Unlike previous excursions to the Hovey’s (at Easter — see [[Easter in Calgary, Visiting with Friends, Eating Russian Food]], my family would not be the only ones in attendance. The Tisdales were already in attendance, as were the various relatives on Alaine’s side of the yard. Several “kids” (namely, those a lot younger than I). Luckily, I get along well with the rest of the adults.

We left shortly after 22:00, returning to Calgary. After a brief stop at Brenda and Mike’s, I drove Mom and Nana to Nana’s complex, where I swapped the van for my car (left at the complex when we’d done a run up earlier in the day). In a few short hours, I will be back at Chez Znack for Christmas Day.

Something that, for what seems to be the first time in my life, I couldn’t care less about.

Practical Jokes Around the Office: Wrapping a Desk

There is an Old Klingon proverb that says: “Revenge is a dish best served cold.”

It is very cold in December. (Well, when we’re not chinooking, anyway.)

Several months ago, I fell victim to an attack. Not a physical or verbal attack — a water balloon attack (see [[Critical Mass Reckless Summer Reunion]]). This was orchestrated by the Delichte brothers, Jason and Darren. (I’m still not sure how I became the focus of their attention. I’m not sure if I should be honoured or horrified.) I certainly owe them a special “thank you” for that particular event, and one day, when I find something appropriate, I shall.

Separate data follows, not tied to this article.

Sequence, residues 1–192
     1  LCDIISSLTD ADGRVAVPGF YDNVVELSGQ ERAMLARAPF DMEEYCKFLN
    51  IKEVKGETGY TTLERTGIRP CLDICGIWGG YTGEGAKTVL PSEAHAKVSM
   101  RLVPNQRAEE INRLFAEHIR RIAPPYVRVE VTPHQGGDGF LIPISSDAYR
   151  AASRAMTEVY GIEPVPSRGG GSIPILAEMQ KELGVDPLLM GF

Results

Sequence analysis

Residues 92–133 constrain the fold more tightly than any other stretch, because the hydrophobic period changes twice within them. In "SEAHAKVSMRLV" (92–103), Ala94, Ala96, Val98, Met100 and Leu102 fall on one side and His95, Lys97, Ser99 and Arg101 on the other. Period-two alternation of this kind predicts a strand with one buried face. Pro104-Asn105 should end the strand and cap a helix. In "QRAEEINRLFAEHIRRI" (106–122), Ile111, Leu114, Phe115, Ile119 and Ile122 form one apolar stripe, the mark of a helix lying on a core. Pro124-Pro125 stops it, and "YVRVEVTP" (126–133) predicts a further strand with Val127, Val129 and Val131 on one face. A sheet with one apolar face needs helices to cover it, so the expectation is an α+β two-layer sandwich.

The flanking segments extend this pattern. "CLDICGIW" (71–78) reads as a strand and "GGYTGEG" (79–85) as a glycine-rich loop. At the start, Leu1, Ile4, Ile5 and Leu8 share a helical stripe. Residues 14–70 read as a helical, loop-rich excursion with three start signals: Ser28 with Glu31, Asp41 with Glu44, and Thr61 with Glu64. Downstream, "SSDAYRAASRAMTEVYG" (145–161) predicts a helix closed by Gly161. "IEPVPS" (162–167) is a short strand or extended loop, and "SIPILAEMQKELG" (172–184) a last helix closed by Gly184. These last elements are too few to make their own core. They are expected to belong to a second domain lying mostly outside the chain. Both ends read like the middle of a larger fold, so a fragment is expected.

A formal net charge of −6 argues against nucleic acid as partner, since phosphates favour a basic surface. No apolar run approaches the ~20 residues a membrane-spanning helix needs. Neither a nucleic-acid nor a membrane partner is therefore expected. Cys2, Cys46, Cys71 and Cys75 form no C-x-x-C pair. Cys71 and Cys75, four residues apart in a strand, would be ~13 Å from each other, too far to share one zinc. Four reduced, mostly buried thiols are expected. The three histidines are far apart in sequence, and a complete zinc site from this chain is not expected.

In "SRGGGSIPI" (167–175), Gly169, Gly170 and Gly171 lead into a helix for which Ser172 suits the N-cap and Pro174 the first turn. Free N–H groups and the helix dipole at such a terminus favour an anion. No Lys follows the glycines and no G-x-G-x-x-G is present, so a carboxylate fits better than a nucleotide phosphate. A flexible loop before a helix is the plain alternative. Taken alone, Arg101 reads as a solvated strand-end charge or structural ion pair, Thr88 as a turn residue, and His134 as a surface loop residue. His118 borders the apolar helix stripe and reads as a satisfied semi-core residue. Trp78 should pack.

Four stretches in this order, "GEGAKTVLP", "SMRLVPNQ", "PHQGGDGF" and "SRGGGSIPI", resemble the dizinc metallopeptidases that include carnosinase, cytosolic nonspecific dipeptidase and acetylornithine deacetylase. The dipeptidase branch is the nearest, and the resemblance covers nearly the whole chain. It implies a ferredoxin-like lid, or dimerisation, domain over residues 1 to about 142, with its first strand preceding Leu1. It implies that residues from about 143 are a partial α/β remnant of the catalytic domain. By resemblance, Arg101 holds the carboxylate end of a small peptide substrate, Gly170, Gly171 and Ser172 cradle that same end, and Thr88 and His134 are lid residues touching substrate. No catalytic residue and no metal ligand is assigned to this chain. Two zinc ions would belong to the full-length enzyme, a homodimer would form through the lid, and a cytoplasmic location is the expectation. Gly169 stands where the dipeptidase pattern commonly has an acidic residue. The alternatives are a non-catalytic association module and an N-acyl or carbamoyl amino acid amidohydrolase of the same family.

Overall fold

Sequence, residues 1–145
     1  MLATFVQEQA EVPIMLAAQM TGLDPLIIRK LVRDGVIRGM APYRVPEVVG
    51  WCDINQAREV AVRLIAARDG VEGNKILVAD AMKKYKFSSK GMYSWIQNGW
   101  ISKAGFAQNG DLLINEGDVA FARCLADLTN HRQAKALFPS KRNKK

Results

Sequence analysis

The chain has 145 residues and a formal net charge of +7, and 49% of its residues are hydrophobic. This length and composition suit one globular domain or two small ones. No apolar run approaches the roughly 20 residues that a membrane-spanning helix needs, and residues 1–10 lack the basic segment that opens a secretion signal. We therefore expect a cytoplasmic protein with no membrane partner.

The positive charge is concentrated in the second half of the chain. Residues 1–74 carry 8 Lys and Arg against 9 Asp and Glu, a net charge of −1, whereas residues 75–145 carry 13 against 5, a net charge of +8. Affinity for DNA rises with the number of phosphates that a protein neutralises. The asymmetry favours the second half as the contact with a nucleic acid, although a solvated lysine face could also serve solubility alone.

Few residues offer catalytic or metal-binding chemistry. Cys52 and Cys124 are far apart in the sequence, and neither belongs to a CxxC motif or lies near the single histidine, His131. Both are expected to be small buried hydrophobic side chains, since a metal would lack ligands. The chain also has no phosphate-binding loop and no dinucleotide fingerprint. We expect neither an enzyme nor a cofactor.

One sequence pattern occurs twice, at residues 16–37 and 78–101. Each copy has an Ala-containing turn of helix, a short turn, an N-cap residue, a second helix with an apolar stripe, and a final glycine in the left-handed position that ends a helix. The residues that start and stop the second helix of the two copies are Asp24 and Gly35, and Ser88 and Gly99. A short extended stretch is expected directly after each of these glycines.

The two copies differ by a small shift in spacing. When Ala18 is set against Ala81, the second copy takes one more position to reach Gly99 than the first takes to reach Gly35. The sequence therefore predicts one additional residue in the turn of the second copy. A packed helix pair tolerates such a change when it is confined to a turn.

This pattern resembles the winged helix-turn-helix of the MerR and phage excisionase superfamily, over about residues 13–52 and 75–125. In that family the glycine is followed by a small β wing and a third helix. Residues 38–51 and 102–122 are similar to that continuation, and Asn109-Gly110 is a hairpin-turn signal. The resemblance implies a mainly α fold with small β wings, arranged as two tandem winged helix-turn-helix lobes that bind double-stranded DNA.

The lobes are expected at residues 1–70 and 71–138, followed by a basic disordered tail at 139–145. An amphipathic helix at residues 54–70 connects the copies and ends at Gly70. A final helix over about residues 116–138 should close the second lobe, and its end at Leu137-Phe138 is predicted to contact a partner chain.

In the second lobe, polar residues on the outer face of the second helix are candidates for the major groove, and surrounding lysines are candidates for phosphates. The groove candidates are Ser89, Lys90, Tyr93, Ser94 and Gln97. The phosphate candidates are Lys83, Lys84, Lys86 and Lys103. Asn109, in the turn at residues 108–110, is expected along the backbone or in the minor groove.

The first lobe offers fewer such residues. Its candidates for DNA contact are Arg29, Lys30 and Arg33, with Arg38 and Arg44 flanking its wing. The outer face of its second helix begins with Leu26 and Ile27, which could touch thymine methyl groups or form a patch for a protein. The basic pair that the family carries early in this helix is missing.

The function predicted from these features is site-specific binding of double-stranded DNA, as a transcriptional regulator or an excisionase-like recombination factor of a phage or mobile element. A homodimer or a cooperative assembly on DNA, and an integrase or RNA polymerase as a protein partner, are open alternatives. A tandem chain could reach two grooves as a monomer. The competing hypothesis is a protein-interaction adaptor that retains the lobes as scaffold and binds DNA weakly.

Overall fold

But first things first.

The water balloon attack could not have been pulled off without inside information, namely my boss, Allard. As you know, I tend to carry cameras with me. The Delichtes made sure I was camera-free by having Allard make sure that my cameras were at a safe distance. He did it very well, too — I had no idea that I was being set up. At least not until a line of water bombers appeared on the hill above the volleyball courts.

As the sayings go: One good turn deserves another; no good deed goes unpunished; eye for an eye, tooth for a tooth; wrong me, do I not revenge?

For the last few months, I’ve been plotting and scheming, trying to think of something good to pull off. The trick, of course, is so that the person at the receiving end has no knowledge what is to befall them, yet can do nothing about it once it’s happened. Not as gruesome as Poe’s “The Cask of Amontillado”, but certainly something that when seen, will provoke the appropriate feeling of “he got me”.

Such it was that in a moment of brilliance (or drunken stupidity, they’re pretty much interchangeable), it came to me. I would give Allard a nice, gift-wrapped present.

His desk. And everything on it.